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Rape in the Peace Corps, ctd

Sorry to keep banging on this particular issue, but I keep finding things to highlight.  This Politics Daily post suggests that, in light of the rape controversy and other violent incidents in the past, the Peace Corps should be shut down:
If we can't even protect our own volunteers in these remote corners of the world, what are we doing there? Although the majority of former volunteers consider their time in the Peace Corps to be a highlight of their lives (and would do it again) we've come a long way from the "ugly American" days of the 1950s. Besides being a resume enhancer and surefire pickup line, to what purpose is the Peace Corps today?

Fifty years ago, ecotourism did not exist. "Lonely Planet" did not exist. Global Crossroad and Volunteer Abroad did not exist. Now you can teach English as a second language, after making contacts at Dave's ESL Cafe. You can immerse yourself in a culture, and put some muscle into spreading kindness wherever you go...

In the last decade the American military has moved toward the Peace Corps model. Hearts and minds, schools and bridges...

Maybe it's time to recognize that peace and war are not on opposite sides of the spectrum. In some countries, we can make peace instead of war. In other countries, perhaps we'd best not send our daughters unless we send soldiers with them.
Hamilton Nolan, again pivoting off the Lara Logan attack, says the right thing:
Reporting, in certain situations—wars, revolutions, assorted uprisings of all types—is an inherently dangerous business. To the extent that we mitigate that danger, we often mitigate the value of the reporting, as well. Embedding journalists with a battalion of Marines is safer for the journalists themselves than roaming free; it also severely limits the scope of their reporting, and tends to encourage a sort of Stockholm Syndrome that's not conducive to free and independent journalism. Likewise, covering a revolution from a hotel balcony, or covering the Iraq War exclusively from inside the Green Zone, means being willing to leave unknown such a large part of the story that your entire justification for being there is thrown into question.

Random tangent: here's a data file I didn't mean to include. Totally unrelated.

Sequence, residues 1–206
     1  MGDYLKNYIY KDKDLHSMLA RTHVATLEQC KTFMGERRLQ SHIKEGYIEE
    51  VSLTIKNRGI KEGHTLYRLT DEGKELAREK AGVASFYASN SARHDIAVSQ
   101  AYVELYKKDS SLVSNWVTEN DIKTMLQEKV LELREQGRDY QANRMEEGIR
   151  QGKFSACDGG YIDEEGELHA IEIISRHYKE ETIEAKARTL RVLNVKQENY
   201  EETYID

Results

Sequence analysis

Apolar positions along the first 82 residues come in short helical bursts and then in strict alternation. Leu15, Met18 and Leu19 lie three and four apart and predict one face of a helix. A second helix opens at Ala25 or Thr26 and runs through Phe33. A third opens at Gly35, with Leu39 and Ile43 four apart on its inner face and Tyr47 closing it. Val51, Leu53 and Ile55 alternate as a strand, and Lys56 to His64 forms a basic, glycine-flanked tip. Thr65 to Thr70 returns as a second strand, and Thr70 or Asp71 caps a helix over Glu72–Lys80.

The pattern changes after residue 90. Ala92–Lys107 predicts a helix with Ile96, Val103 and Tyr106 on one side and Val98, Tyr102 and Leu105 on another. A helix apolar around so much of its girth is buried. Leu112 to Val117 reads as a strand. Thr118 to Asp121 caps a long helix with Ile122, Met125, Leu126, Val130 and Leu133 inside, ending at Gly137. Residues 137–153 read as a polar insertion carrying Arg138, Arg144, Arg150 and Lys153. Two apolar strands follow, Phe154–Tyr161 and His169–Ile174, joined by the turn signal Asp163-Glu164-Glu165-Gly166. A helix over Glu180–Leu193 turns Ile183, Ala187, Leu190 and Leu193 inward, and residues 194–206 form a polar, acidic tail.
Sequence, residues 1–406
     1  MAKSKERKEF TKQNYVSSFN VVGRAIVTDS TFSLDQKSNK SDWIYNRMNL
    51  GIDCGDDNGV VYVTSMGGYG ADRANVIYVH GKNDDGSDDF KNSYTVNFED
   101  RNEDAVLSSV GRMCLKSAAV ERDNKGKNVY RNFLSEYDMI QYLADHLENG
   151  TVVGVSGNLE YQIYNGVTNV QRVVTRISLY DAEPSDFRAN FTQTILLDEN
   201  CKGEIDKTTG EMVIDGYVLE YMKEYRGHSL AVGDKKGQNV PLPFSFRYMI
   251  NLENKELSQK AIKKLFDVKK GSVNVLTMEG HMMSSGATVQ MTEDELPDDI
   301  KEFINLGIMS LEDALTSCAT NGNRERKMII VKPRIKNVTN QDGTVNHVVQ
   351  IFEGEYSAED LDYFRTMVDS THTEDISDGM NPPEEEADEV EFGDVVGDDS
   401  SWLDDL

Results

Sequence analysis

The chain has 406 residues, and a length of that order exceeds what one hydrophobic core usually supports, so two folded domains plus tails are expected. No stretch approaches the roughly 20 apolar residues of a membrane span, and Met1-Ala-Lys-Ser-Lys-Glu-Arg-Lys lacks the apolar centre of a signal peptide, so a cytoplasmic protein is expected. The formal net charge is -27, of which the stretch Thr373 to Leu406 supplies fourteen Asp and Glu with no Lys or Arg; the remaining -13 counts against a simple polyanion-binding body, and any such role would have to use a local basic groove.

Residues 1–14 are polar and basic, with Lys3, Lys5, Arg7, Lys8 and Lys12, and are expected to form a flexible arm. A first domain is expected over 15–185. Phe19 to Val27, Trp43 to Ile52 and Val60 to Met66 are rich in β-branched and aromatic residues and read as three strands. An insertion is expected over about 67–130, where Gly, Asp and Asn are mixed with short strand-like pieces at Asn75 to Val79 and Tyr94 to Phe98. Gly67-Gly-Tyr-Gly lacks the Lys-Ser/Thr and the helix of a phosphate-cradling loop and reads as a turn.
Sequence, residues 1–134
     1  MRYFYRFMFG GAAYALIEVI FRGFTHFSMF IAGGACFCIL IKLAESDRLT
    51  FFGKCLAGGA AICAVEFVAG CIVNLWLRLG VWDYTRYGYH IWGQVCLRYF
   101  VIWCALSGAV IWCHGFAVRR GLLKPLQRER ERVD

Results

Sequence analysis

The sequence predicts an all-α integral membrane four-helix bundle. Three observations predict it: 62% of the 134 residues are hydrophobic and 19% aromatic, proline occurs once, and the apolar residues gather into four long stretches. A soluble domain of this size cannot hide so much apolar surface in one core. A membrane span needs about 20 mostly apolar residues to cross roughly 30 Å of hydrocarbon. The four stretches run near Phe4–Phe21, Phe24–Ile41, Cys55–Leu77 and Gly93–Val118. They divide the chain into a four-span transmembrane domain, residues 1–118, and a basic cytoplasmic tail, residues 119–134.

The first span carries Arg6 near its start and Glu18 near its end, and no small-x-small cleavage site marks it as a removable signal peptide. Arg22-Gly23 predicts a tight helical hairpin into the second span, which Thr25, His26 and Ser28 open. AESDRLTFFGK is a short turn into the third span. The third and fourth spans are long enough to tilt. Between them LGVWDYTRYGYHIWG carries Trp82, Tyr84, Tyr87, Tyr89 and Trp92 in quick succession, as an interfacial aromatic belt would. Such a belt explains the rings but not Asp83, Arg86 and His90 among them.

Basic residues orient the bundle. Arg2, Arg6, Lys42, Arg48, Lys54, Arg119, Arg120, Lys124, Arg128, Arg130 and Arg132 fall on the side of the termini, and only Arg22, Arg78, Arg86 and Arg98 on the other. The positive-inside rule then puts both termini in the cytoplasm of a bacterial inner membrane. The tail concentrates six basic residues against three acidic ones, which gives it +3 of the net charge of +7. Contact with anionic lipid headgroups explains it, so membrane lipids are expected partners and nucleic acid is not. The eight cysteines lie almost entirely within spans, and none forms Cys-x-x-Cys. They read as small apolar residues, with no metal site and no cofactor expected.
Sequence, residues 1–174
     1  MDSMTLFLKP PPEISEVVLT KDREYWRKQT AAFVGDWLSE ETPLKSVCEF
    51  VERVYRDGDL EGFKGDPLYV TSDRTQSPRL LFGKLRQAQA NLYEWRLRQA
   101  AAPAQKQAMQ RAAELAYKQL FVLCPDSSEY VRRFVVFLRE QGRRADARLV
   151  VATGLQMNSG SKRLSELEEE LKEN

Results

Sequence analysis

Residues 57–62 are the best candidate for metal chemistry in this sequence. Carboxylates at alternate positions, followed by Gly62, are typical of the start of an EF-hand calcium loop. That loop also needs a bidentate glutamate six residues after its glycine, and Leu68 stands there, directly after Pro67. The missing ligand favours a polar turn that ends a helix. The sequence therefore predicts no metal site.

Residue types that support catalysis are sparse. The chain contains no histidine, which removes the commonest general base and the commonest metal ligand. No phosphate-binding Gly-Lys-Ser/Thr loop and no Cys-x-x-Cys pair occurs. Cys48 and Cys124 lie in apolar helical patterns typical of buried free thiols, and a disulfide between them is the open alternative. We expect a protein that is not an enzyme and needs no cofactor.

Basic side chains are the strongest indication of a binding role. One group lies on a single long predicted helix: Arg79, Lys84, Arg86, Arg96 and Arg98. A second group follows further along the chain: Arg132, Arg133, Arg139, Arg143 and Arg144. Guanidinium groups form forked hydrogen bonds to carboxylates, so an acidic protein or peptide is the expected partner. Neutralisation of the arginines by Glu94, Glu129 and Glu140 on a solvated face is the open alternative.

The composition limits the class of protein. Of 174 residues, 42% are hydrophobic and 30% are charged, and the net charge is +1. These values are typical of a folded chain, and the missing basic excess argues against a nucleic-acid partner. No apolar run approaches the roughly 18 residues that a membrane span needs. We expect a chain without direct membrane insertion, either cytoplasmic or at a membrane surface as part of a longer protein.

So, intrepid reporters go out in the streets to cover the story, as they should. And it's dangerous out there. And sometimes reporters get hurt. Would a ring of bodyguards help? Maybe. But the more conspicuous they were the more they'd interfere with the reporting, and the less conspicuous they were the less effective they'd be. Besides that, maximizing safety would seem to involve just doing things that all competent media outlets already do: hiring good local fixers, listening to security consultants, etc.

So what's the bright idea that will keep a Lara Logan incident from happening again? It doesn't exist. We have no magic solution. All we have are a series of choices, trade-offs between safety and freedom of movement, between protecting the reporter and letting the reporter do his or her job to the fullest. Do we want to stop sending female reporters on dangerous assignments? No. Do we want to surround female reporters with ostentatious brigades of bodyguards? No.
It's hard to imagine integrating into the village with a bunch of machine-gun toting toughs following you around at all times.

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